For Roosevelt, Warm Springs was more than a vacation getaway. Here, he was among friends - people who often were ostracized for having polio and often were not allowed to swim in public pools because people feared they could catch the contagious virus. It was here that he developed some of his best-known policies, including the New Deal, which established recovery programs for the agriculture industry and other businesses affected by the Depression.

"He identified with the poor and downtrodden and he was such an inspiration, especially to the people down here," Barrett said. "He was sensitive about people in Washington seeing his leg braces, but here he felt like he was among friends. He could relax and enjoy being himself."

Odie Burke, 40, of nearby Pine Mountain Valley, said he came with his wife, Sarah, 40, to experience history.

"When you walk through the gallery and see all the black-and- white pictures of President Roosevelt at the pool, there is a sense of nostalgia. To come here where he was and swim in the pool he swam in is like seeing it in color," said Burke, who moved to Georgia from Montana 14 years ago. "It's like reliving a piece of history."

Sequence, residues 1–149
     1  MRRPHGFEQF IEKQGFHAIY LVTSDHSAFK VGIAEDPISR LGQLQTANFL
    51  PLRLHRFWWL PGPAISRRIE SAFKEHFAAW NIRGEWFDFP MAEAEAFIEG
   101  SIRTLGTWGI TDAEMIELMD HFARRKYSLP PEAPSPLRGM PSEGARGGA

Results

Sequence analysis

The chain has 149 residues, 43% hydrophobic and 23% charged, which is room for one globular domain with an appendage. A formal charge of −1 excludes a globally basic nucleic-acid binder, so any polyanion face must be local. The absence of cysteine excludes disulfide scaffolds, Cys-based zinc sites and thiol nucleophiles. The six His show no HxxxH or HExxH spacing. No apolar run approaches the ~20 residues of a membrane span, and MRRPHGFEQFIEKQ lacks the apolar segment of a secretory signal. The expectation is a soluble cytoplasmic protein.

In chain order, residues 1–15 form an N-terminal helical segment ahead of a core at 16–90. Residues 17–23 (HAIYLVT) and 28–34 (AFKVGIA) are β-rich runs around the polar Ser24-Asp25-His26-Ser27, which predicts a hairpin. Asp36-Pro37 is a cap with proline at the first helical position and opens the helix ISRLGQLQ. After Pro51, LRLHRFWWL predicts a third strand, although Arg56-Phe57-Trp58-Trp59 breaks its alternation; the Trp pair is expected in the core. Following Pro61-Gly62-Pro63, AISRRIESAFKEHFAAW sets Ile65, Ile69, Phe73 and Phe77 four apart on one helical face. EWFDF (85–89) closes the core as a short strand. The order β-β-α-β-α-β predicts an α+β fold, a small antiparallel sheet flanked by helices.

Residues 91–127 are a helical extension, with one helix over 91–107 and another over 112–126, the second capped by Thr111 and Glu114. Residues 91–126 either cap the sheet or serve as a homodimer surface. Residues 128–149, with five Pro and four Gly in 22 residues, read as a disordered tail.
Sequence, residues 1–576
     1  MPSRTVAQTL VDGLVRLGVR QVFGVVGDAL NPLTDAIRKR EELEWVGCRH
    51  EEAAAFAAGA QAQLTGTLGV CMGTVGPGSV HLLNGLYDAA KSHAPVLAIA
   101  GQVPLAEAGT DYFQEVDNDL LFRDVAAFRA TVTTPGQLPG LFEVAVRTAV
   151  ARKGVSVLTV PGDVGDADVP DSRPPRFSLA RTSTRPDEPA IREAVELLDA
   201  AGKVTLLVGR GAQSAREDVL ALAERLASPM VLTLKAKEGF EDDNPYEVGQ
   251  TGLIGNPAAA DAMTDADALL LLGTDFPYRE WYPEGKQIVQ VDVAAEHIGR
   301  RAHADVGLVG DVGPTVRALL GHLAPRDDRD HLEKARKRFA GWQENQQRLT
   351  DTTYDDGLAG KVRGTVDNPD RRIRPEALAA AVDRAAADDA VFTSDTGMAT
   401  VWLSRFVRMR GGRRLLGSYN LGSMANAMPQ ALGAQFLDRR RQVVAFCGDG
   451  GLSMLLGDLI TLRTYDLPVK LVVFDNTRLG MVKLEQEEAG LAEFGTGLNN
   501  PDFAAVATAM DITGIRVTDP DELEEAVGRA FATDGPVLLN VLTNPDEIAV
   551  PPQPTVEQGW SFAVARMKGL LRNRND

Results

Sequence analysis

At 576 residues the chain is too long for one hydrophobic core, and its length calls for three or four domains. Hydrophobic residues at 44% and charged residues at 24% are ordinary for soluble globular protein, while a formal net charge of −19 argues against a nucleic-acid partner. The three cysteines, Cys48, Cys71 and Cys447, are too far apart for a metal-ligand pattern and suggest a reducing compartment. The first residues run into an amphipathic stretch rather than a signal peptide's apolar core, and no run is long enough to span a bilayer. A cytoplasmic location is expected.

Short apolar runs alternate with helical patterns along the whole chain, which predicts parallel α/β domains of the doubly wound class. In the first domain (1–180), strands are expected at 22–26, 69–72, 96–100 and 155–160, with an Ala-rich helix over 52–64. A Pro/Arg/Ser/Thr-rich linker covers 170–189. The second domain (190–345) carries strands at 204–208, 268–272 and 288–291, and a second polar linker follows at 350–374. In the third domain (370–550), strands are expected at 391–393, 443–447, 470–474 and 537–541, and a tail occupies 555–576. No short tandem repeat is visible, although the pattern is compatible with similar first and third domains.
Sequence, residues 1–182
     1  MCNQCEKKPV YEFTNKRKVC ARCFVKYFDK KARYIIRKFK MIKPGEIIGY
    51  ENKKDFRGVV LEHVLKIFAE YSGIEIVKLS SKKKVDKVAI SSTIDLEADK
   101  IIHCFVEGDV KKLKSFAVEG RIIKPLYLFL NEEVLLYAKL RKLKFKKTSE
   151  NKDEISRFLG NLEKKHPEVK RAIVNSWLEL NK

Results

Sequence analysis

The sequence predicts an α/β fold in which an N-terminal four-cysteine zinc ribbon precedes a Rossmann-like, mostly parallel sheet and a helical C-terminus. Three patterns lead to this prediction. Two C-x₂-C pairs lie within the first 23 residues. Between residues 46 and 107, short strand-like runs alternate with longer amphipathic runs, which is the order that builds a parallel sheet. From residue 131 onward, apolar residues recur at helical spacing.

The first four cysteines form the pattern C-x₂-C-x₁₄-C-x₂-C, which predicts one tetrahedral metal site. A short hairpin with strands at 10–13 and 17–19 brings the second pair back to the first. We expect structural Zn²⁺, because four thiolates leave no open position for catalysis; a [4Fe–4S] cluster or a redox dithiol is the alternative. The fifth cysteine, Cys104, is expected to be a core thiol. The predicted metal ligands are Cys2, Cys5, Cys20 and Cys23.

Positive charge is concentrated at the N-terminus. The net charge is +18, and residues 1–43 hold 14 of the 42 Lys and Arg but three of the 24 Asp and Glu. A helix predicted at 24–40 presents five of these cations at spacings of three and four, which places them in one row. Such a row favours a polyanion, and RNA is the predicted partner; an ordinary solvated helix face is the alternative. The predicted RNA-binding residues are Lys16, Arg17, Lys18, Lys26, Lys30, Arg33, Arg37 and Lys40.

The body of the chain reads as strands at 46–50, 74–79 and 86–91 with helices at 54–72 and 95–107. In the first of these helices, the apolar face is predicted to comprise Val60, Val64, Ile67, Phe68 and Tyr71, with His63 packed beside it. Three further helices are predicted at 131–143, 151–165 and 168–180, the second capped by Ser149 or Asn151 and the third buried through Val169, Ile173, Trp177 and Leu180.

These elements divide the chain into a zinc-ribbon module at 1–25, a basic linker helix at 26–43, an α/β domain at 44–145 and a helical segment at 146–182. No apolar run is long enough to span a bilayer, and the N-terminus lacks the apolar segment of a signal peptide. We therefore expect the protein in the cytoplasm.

John Norris, 58, of nearby Greenville, learned to swim in the pool as a child. His father had been paralyzed from the waist down, and the two of them came here almost every day.

"What I remember is that there were always young people swimming and playing water polo. They were patients here, but they were always having fun," Norris said. "All of us thought this was the best thing since the invention of water."

"Looking back on all this, it has meant so much to me," Pike said. "I have seen this go from a place that treated polio to one that treats all kinds of illnesses. It helps people become as independent as they can and live rewarding lives. I think if the president were here today, he would be real pleased."


(c) 2003, Chicago Tribune. Distributed by Knight Ridder/Tribune News Service.